Tasty Tidbits 10/3/11

  1. A better class of right-wing populist.
  2. Utilitarian religion
  3. Food, food, food.
  4. Political Gotcha!
  5. Judicial Supremacy?
  6. Wow! Look at the size of that thing!
  7. Happy first Monday in October!


Republican primary voters deserve a better class of right-wing populist, and the country does as well …
… the uncompromising purity of the talk-radio dial against the deal-making required to govern…
This critique accuses the Republican leadership of being too cavalier about illegal immigration, too forgiving of crony capitalism and Wall Street-Washington coziness, too promiscuous with overseas military interventions, and too willing to imitate Democrats and centralize power in Washington. Right-wing populists tend to argue that Beltway Republicans have lost touch with the party’s core constituencies: small-business owners, middle-class families and Main Street, U.S.A.
These arguments often have merit. The trouble is that no populist politician has been able to deliver an agenda to match. Having identified important problems, right-wing populists almost inevitably rally to unworkable solutions.

This is the irony of Fox’s impact on Republican politics. In a sense, the network’s shows have given right-wing populism a larger megaphone than it’s ever had before. But by turning populism into mass entertainment, they’ve made it less and less likely that a conservative populist will ever actually deserve to win.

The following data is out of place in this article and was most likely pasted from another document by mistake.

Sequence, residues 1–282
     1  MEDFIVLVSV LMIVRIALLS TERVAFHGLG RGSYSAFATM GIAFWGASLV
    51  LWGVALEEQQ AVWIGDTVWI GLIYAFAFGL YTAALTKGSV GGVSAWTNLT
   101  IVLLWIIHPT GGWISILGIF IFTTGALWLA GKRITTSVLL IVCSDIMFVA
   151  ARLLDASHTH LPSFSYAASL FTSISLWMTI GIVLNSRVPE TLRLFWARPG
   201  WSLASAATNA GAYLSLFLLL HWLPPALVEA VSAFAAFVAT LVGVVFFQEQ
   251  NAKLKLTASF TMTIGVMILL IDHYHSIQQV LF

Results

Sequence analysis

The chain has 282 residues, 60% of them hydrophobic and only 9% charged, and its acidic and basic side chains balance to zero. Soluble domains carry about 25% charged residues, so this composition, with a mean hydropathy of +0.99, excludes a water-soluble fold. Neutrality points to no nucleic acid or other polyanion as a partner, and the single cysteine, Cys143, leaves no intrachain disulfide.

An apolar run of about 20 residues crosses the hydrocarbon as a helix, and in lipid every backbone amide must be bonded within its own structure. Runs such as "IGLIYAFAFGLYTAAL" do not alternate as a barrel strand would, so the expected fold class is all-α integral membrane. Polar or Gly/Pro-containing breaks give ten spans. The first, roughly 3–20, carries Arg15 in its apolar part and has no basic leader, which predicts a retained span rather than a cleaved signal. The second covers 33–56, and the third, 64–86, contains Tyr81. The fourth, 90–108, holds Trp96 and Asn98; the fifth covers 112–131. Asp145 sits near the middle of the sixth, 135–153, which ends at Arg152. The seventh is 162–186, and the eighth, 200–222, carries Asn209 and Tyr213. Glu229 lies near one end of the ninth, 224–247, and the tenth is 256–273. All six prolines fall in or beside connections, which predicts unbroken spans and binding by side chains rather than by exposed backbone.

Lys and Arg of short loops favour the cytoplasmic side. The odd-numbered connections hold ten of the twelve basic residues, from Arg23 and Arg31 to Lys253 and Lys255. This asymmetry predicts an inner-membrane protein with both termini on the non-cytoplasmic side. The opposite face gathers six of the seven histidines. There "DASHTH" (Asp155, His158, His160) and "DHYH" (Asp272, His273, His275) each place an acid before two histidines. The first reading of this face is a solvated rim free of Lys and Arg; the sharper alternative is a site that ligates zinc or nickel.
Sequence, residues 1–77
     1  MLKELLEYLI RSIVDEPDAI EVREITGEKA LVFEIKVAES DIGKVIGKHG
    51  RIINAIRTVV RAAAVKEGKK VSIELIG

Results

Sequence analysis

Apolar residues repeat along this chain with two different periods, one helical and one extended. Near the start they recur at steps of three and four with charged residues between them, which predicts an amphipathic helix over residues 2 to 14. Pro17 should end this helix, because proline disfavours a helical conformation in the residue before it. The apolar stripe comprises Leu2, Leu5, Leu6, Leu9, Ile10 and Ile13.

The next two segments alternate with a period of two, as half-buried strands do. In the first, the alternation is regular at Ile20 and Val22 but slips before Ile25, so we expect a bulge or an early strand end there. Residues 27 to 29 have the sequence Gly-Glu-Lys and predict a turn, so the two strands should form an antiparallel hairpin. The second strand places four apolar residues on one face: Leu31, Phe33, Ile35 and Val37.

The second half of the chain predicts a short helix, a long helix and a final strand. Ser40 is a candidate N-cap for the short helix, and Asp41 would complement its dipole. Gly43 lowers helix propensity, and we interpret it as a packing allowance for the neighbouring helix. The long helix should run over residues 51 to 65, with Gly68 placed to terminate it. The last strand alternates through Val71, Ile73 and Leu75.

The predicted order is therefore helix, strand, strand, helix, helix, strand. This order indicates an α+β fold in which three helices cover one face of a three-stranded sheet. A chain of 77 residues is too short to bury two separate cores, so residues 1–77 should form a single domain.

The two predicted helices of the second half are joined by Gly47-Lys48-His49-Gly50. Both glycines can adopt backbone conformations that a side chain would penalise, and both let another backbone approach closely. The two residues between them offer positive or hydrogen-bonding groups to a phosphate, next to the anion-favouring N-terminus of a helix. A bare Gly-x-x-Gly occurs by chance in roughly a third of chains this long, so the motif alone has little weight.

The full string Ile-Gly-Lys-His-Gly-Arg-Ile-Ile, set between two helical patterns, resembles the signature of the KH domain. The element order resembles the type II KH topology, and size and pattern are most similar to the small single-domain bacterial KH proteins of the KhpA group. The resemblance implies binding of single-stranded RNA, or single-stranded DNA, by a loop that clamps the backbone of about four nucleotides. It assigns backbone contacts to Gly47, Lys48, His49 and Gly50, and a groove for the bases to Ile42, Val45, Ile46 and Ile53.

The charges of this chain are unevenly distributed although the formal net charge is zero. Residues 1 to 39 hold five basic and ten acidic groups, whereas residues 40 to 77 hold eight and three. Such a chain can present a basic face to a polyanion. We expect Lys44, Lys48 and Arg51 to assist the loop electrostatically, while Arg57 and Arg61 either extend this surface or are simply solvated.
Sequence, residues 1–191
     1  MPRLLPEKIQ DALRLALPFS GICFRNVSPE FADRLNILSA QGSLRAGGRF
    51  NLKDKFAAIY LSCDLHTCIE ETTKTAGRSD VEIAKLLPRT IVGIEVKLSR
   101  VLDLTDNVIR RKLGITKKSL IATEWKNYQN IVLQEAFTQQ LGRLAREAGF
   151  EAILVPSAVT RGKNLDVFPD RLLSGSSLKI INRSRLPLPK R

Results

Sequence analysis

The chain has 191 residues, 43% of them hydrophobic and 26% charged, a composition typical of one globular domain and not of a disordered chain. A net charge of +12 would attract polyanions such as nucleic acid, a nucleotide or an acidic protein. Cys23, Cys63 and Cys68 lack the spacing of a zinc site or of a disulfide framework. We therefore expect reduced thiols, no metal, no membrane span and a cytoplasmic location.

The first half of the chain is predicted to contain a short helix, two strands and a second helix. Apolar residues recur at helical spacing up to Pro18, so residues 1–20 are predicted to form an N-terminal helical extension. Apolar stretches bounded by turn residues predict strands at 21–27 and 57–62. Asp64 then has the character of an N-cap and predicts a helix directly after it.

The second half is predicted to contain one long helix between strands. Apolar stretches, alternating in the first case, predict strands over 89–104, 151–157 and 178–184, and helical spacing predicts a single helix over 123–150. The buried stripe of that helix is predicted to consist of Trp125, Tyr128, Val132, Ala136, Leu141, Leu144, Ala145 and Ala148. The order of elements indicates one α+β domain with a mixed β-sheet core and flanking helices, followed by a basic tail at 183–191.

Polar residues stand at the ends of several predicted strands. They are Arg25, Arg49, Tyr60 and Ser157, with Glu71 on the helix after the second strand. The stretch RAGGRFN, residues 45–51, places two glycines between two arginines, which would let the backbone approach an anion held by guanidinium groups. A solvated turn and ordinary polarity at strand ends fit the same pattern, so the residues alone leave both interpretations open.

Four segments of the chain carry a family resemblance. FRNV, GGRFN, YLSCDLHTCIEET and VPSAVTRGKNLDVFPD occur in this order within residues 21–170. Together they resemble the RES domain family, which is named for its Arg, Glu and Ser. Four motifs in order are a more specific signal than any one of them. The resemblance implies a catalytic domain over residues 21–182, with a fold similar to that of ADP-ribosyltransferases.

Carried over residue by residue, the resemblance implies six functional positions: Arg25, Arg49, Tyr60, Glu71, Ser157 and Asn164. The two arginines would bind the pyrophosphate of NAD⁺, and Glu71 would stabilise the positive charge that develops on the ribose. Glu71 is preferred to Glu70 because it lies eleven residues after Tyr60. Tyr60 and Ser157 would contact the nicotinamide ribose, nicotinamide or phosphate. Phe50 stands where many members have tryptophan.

(Ross Douthat) Walter Russell Mead liked the column, too.


It’s not clear whether [leading German philosopher Jurgen] Habermas believes in the existence of any being greater than himself, but the acknowledgment of the social utility of religion by Germany’s most eminent living thinker suggests that the Continent’s long drift away from the faith that once made it the center of world culture may be coming to a halt.

(Walter Russell Mead at Via Meadia)

One smirk and one observation:

  1. Smirk: The question of whether “Habermas believes in the existence of any being greater than himself” struck me as being a swipe at excessive self-esteem. Considering the Peter Berger item Mead links to, I suspect the swipe was intentional, perhaps with room for plausible deniability.
  2. Observation: Any religion adopted because of its social utility is not truly adopted and has no social utility.
Does anyone really know of a society adopting a religion for its social utility and becoming better for it?


[Q:] What Will Our Food System Be Like in 100 Years?

[A:] My best guess is that the food system will look very different in 100 years, for the simple reason that the present one is — in the precise sense of the word — unsustainable. It depends on fossil fuels that we can’t depend on and exacts a steeper price in human and environmental health than we can afford. So it will change, whether we want it to or not. We certainly won’t be eating nine ounces of meat per person per day, as Americans do now — there won’t be enough feed grain, worldwide, to continue that feast, and presumably we will have faced up to meat-eating’s disastrous toll on the environment. If we haven’t, we’ll have much bigger problems on our plate than what to have for dinner.